Home's electrical wiring acts as antenna to receive low-power sensor data
If these walls had ears, they might tell a homeowner some interesting things. Like when water is dripping into an attic crawl space, or where an open window is letting hot air escape during winter.
The walls do have ears, thanks to a device that uses a home's electrical wiring as a giant antenna. Sensors developed by researchers at the University of Washington and the Georgia Institute of Technology use residential wiring to transmit information to and from almost anywhere in the home, allowing for wireless sensors that run for decades on a single watch battery. The technology, which could be used in home automation or medical monitoring, will be presented this month at the Ubiquitous Computing conference in Copenhagen, Denmark.
Low-cost sensors recording a building's temperature, humidity, light level or air quality are central to the concept of a smart, energy-efficient home that automatically adapts to its surroundings. But that concept has yet to become a reality.
"When you look at home sensing, and home automation in general, it hasn't really taken off," said principal investigator Shwetak Patel, a UW assistant professor of computer science and and of electrical engineering. "Existing technology is still power hungry, and not as easy to deploy as you would want it to be."
That's largely because today's wireless devices either transmit a signal only several feet, Patel said, or consume so much energy they need frequent battery replacements.
"Here, we can imagine this having an out-of-the-box experience where the device already has a battery in it, and it's ready to go and run for many years," Patel said. Users could easily sprinkle dozens of sensors throughout the home, even behind walls or in hard-to-reach places like attics or crawl spaces.
Patel's team has devised a way to use copper electrical wiring as a giant antenna to receive wireless signals at a set frequency. A low-power sensor placed within 10 to 15 feet of electrical wiring can use the antenna to send data to a single base station plugged in anywhere in the home.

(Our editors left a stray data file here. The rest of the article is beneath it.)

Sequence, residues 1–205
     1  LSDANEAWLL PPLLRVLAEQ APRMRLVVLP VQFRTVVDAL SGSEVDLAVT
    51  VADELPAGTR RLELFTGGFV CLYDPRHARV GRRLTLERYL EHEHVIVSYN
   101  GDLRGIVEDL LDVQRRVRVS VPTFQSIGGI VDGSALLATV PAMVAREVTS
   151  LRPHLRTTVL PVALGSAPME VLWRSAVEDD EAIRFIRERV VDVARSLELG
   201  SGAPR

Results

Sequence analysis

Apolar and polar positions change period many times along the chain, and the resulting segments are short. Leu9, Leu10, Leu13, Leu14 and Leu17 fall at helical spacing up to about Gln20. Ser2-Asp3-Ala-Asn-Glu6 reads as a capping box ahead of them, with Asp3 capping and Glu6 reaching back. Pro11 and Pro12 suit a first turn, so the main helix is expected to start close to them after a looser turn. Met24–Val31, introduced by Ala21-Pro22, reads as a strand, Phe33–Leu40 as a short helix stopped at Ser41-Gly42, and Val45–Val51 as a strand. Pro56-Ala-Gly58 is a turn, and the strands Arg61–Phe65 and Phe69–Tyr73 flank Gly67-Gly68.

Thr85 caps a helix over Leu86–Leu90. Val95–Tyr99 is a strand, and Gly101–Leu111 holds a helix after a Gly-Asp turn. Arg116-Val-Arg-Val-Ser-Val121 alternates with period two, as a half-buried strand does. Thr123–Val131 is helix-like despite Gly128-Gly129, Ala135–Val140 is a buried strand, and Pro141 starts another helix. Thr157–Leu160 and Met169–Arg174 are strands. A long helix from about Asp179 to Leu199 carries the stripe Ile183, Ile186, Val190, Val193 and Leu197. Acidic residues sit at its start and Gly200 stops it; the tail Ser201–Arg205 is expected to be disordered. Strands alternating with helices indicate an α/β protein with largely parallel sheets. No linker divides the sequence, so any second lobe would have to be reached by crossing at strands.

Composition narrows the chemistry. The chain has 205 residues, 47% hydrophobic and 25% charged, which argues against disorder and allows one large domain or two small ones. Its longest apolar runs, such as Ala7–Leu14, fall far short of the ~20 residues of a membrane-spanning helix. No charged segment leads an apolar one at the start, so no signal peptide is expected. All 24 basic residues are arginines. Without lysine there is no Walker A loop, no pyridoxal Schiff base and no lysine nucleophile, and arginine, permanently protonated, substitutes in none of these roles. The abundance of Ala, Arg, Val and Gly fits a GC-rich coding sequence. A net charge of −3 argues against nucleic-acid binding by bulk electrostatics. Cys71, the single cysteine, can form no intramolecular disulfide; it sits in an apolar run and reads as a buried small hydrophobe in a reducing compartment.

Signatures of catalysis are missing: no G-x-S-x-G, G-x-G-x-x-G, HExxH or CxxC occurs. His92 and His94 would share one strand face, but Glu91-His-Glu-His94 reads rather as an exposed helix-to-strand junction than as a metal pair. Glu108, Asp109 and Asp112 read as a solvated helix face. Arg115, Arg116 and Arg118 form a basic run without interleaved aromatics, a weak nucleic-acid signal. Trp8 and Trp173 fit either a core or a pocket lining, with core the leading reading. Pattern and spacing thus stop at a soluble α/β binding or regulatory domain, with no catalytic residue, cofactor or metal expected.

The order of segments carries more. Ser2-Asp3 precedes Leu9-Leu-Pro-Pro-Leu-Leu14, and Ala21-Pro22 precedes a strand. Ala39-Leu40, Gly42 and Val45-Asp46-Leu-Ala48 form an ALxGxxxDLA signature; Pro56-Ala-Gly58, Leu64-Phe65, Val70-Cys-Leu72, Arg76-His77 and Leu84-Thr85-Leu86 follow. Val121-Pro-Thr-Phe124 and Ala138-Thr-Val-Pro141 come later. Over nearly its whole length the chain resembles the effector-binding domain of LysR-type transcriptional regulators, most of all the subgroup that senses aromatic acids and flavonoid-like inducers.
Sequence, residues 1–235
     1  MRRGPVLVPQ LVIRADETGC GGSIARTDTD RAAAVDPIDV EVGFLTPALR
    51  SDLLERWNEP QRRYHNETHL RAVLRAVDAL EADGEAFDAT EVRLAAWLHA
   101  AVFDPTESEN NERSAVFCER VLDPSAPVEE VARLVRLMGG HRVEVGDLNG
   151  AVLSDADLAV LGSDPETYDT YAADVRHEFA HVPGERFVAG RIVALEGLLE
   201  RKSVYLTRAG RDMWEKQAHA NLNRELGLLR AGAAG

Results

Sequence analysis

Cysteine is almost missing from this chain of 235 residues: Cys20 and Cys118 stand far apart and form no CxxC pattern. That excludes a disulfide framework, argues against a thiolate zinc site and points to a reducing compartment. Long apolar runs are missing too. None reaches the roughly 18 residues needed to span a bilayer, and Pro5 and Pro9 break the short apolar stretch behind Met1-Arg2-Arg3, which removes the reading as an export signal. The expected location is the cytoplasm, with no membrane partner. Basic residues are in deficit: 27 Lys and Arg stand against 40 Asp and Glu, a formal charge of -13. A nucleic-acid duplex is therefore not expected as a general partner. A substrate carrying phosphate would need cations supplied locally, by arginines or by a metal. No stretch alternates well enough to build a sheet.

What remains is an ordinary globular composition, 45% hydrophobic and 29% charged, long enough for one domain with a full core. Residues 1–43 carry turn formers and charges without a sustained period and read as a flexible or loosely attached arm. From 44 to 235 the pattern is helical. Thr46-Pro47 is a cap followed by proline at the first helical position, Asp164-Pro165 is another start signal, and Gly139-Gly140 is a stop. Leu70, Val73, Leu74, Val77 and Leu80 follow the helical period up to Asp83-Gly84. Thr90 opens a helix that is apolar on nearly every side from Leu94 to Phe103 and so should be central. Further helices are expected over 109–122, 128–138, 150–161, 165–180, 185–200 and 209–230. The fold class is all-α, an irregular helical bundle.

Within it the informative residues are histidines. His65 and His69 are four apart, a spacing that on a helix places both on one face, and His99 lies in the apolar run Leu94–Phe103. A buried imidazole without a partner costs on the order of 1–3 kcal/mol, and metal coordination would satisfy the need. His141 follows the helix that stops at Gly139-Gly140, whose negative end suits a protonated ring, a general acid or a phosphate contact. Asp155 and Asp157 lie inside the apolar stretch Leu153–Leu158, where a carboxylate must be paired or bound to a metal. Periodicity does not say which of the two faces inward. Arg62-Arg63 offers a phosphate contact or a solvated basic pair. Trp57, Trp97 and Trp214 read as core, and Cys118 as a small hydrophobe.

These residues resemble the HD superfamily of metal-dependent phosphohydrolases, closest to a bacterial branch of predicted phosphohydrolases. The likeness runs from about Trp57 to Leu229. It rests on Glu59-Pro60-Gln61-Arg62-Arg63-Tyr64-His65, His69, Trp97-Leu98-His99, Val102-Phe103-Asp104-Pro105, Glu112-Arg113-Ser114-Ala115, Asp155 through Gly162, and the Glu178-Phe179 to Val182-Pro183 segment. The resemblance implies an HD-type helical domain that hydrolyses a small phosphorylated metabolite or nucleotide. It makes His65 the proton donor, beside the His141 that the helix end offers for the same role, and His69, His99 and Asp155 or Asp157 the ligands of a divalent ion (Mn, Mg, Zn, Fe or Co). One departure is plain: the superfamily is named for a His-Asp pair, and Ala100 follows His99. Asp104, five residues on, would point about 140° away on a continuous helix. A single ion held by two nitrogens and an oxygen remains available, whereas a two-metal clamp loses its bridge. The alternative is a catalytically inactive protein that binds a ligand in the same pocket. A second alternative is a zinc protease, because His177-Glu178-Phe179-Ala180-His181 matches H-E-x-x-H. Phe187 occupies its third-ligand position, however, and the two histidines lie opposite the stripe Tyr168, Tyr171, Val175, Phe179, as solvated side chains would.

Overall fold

The device is called Sensor Nodes Utilizing Powerline Infrastructure, or SNUPI. It originated when Patel and co-author Erich Stuntebeck were doctoral students at Georgia Tech and worked with thesis adviser Gregory Abowd to develop a method using electrical wiring to receive wireless signals in a home. They discovered that home wiring is a remarkably efficient antenna at 27 megahertz. Since then, Patel's team at the UW has built the actual sensors and refined this method. Other co-authors are UW's Gabe Cohn, Jagdish Pandey and Brian Otis.
Cohn, a UW doctoral student in electrical engineering, was lead student researcher and tested the system. In a 3,000-square-foot house he tried five locations in each room and found that only 5 percent of the house was out of the system's range, compared to 23 percent when using over-the-air communication at the same power level. Cohn also discovered some surprising twists - that the sensors can transmit near bathtubs because the electrical grounding wire is typically tied to the copper plumbing pipes, that a lamp cord plugged into an outlet acts as part of the antenna, and that outdoor wiring can extend the sensors' range outside the home.
While traditional wireless systems have trouble sending signals through walls, this system actually does better around walls that contain electrical wiring.
Most significantly, SNUPI uses less than 1 percent of the power for data transmission compared to the next most efficient model.
"Existing nodes consumed the vast majority of their power, more than 90 percent, in wireless communication," Cohn said. "We've flipped that. Most of our power is consumed in the computation, because we made the power for wireless communication almost negligible."
The existing prototype uses UW-built custom electronics and consumes less than 1 milliwatt of power when transmitting, with less than 10 percent of that devoted to communication. Depending on the attached sensor, the device could run continuously for 50 years, much longer than the decade-long shelf life of its battery.
"Basically, the battery will start to decompose before it runs out of power," Patel said.
Longer-term applications might consider using more costly medical-grade batteries, which have a longer shelf life. The team is also looking to reduce the power consumption even further so no battery would be needed. They say they're already near the point where solar energy or body motion could provide enough energy.
The researchers are commercializing the base technology, which they believe could be used as a platform for a variety of sensing systems.
Another potential application is in health care. Medical monitoring needs a compact device that can sense pulse, blood pressure or other properties and beam the information back to a central database, without requiring patients to replace the batteries.
The technology does not interfere with electricity flow or with other emerging systems that use electrical wiring to transmit Ethernet signals between devices plugged into two outlets.